Great Valley students prepare for final phase of Nittany AI Challenge

MALVERN, Pa. — Opportunities to apply and expand on classroom knowledge abound for Penn State Great Valley’s graduate students. When those opportunities focus on solving pressing issues to make the world a better place, the experience can be invaluable.

For the fourth time in five years, a team of Great Valley students will compete in the final round of the Nittany AI Challenge, held on Sept. 7 at the AI for Good Expo. The challenge offers Penn State students the opportunity to try to solve real-world issues through AI and machine learning. For Master of Professional Studies in Data Analytics program students Gayatri Bangar and Jason Durrance and Master of Science in Data Analytics program student Ranojoy Deb, deciding on just one topic to tackle for the challenge was difficult.

The three met in a fall 2023 Deep Learning course taught by Professor of Data Analytics and Artificial Intelligence Youakim Badr, who has been mentoring Great Valley’s Nittany AI teams for the past five years. Since many students may be new to AI and machine learning, Badr encourages them to start brainstorming ideas early, helps them determine what's feasible and fosters opportunities for the students to explore potential ideas within his class, he said.

“My primary objective is to help students explore the potential of their ideas and guide them towards finding AI solutions,” Badr said. “Through the comprehensive courses offered in our programs, they acquire the necessary knowledge and skills in AI and machine learning. Together, we embark on a collaborative journey, leveraging the resources and opportunities available on campus to support their growth. Along the way, I provide guidance and mentorship, but, ultimately, they take the reins and make their own remarkable strides towards success. It's truly a privilege to witness their transformation and witness their brilliance shine.”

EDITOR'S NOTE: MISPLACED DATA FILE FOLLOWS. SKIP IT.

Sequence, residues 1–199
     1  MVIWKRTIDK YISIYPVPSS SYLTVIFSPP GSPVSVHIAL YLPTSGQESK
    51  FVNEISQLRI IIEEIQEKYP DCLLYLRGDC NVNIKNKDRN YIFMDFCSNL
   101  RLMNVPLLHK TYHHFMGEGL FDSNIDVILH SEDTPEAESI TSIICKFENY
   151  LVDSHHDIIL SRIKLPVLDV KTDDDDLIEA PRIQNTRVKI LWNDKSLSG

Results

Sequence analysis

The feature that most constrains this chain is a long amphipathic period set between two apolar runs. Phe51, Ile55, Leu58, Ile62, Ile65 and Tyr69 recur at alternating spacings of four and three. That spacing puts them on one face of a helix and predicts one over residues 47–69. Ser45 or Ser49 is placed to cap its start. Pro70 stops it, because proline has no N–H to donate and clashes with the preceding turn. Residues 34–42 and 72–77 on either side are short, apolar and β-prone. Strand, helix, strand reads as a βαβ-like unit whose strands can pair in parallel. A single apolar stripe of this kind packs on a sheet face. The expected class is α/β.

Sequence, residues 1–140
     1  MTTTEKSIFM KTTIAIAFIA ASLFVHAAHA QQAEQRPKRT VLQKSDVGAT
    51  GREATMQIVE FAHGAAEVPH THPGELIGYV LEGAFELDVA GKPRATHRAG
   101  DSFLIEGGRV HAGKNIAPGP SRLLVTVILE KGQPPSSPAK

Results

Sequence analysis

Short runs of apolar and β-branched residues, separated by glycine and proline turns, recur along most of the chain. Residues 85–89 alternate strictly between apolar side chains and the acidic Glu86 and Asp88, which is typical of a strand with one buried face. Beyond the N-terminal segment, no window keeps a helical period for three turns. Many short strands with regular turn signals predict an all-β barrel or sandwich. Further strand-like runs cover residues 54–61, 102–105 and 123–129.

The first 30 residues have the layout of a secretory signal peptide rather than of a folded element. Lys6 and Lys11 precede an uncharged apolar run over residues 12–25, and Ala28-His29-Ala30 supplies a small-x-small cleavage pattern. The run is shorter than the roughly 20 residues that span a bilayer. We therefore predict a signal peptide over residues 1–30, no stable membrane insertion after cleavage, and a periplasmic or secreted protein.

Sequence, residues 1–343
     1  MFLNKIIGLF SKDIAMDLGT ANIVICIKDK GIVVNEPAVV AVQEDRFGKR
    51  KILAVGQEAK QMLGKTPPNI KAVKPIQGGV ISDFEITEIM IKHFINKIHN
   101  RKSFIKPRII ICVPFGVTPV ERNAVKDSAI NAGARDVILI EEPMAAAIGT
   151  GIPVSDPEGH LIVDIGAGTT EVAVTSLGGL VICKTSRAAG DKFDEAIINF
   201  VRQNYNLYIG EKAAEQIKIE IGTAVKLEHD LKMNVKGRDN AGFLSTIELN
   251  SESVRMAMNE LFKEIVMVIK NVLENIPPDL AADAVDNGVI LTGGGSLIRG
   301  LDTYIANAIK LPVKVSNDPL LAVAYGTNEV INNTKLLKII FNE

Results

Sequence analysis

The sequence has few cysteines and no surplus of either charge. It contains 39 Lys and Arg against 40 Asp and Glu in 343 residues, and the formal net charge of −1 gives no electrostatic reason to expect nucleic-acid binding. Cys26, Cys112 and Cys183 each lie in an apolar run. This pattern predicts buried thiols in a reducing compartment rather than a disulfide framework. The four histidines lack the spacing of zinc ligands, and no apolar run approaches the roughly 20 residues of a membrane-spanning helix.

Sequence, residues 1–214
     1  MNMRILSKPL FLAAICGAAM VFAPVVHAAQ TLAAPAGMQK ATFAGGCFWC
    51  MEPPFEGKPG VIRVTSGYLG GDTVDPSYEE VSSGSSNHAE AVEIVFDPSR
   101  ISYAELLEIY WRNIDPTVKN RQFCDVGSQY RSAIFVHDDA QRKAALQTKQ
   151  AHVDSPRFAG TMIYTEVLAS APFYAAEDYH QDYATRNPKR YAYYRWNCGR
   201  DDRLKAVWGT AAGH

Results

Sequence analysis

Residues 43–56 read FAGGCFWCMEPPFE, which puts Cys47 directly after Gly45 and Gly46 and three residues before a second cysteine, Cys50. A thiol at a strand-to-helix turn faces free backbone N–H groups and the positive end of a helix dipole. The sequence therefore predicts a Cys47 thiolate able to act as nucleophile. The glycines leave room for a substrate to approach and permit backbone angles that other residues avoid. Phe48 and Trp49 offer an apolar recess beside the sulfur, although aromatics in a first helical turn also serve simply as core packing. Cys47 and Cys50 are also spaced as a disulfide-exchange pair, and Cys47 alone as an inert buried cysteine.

That’s how the challenge has gone for Bangar, Deb and Durrance so far. They considered more than two dozen potential projects and were leaning towards something related to oceanography and water quality. While consulting with the team, Badr made a suggestion that stuck with everyone: predicting the potability of water.

With a firm idea in mind, the team decided to call the project “Trinity” since it comprised three people with different backgrounds working at the intersection of water, AI and the Internet of Things (IoT).

A few days before the submission deadline, the Trinity team met in the campus’ Knowledge Commons to finalize their idea, writing down some key details and thoughts on a nearby whiteboard. The group forgot to erase the whiteboard when they left — hardly a detail worth mentioning under normal circumstances.

In a stroke of luck, Bill Teodecki, an engineer at Aqua America, was also in the Knowledge Commons that day and noticed the whiteboard after the group left. It struck a chord with him — it was a new, interesting idea related to what he’s worked on at Aqua and similar to what he hoped to delve into for his master’s project. So, Teodecki, a master of engineering in systems engineering and master of professional studies in data analytics student, reached out to a few professors, including Badr, for help tracking down whomever had left their ideas on the whiteboard. Badr happily connected Teodecki with the Trinity team.